Electromagnetic fields (EMF)

Electromagnetic fields can generally not be ruled out as a possible explanation of adverse health effects, but recent research indicates that the possible effects are modest.

Where do electromagnetic fields occur?

There are electric and magnetic fields surrounding all live power lines and electrical equipment. The term electromagnetic fields is a common collective term for electric and magnetic fields. Magnetic fields occur when current passes through a power line or electrical appliance. The size of the magnetic field depends on the amperage in the line or facility, the distance from the facility and how the various power sources interact. Magnetic fields are measured in microtesla (µT). The power supply in Norway is based on 50 Hz alternating current. At this frequency, the fields change direction. However, the frequency is so low that energy is not emitted as radiation. Consequently, this is referred to as Extremely Low Frequency fields (ELF).

 

Read more about EMF.

 

Electric fields depend on the voltage and are measured in kilovolt/metre (kV/m). An electric field occurs when the power line or appliance is energised. This can be effectively shielded by metal, earth, most building components and vegetation. Buried cables will therefore only generate magnetic fields. It is difficult to shield magnetic fields, but a field can be reduced through appropriate facility planning and design.

 

Potential health effects

Generally speaking, it cannot be ruled out that there is no potential connection between magnetic fields and adverse health effects. However, recent research indicates that any such effects are modest.

Decades of research into electromagnetic fields has produced inconclusive results. Although more recent research has provided more thorough knowledge, indicating that any potential adverse health effects are minor. A small potential connection between proximity to power lines and negative health effects cannot, however, be entirely excluded.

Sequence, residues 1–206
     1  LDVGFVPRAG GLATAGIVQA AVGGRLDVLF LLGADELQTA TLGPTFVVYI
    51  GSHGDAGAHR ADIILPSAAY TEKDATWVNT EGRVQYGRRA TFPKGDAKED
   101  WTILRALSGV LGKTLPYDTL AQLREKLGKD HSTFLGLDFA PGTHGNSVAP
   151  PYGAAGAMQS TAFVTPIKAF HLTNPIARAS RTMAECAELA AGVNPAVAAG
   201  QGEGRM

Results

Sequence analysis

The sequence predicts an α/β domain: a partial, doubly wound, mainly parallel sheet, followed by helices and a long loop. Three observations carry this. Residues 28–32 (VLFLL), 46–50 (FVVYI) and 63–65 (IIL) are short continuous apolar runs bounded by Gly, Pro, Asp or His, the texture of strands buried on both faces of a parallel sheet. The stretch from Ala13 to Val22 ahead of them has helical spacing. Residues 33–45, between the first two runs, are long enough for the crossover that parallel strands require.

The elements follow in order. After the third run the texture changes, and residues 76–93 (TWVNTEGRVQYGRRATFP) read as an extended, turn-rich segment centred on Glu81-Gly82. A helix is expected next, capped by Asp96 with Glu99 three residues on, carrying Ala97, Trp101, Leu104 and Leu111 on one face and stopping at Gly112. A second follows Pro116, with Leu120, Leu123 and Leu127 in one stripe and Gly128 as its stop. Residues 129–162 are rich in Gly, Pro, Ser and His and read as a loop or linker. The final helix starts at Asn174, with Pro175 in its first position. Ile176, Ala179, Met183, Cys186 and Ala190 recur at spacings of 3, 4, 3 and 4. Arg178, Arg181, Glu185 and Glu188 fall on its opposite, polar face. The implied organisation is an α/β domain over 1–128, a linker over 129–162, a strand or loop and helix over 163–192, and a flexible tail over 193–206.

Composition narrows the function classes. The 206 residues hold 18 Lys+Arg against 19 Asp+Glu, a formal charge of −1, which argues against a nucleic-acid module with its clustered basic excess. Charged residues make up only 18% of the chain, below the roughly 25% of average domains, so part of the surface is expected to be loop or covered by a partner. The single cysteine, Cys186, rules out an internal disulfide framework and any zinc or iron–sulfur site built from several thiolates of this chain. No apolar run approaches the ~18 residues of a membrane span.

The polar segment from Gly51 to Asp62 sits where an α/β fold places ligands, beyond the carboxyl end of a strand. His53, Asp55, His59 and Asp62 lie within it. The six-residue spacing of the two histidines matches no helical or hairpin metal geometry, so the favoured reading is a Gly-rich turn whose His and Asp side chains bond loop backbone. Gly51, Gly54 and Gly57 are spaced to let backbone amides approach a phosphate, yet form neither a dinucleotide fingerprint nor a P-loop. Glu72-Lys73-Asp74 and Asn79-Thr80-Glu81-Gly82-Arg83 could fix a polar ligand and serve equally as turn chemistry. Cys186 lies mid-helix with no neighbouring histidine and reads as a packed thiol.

A cautious strategy

When planning new power lines and transformer substations, Statnett complies with the provisions in the Regulations on Radiation Protection and Use of Radiation and follows the Norwegian authorities’ precautionary advice. This means that Statnett will seek to avoid planning and constructing new installations close to housing areas, kindergartens and schools if the assessment level exceeds 0.4 microtesla.

 

Research

As the long-term health effects from exposure to power line fields have not been consistently documented and are thus uncertain, research will continue to play a key role also in the future. Statnett has actively contributed to such research, by commissioning research itself and by funding other studies. We impose strict requirements on research projects funded by Statnett, to ensure they achieve the highest academic standards and a high level of integrity. To obtain credible and reliable results, we prefer that research into health effects from exposure to electromagnetic fields is financed by neutral sources.

 

Statnett has focused its research on helping to develop a new type of pylon with smaller electromagnetic fields. The result of this research is the Compact Plus pylon. We continue to evaluate the use of this and other measures as new knowledge is acquired.

 

Information from the Norwegian Radiation Protection Authority

On its web page, the Norwegian Radiation Protection Authority writes the following about high-voltage power lines and illness:

 

"Comprehensive international research into the field has provided more thorough knowledge about electromagnetic fields and health effects than previously. In June 2001, the International Agency for Research on Cancer (IARC) classified magnetic fields from high-voltage power lines as potentially carcinogenic for people, mainly based on an association between residential exposure and an increased risk of child leukaemia in population studies. Magnetic fields are measured in microtesla (µT).

 

The population studies generally indicated a potential double risk of developing childhood leukaemia where the average value for magnetic fields near households is above 0.4 µT. In Norway, this may result in one extra case of leukaemia every seven to eight years among children exposed to magnetic fields from high-voltage power lines. As regards other types of cancer in children and adults, there is no consistent evidence that exposure to magnetic fields at home or at work causes cancer. As regards a potential connection between exposure and other adverse health effects and symptoms, the available data is insufficient to draw a conclusion."


Facts about magnetic fields

  • Magnetic fields are usually measured in the unit microtesla (µT)
  • The size of the magnetic field depends on how much electricity passes through the line
  • The limit value for short-term exposure is 200 µT for the general public
  • For an assessment of long-term exposure, a level of 0.4 µT has been set
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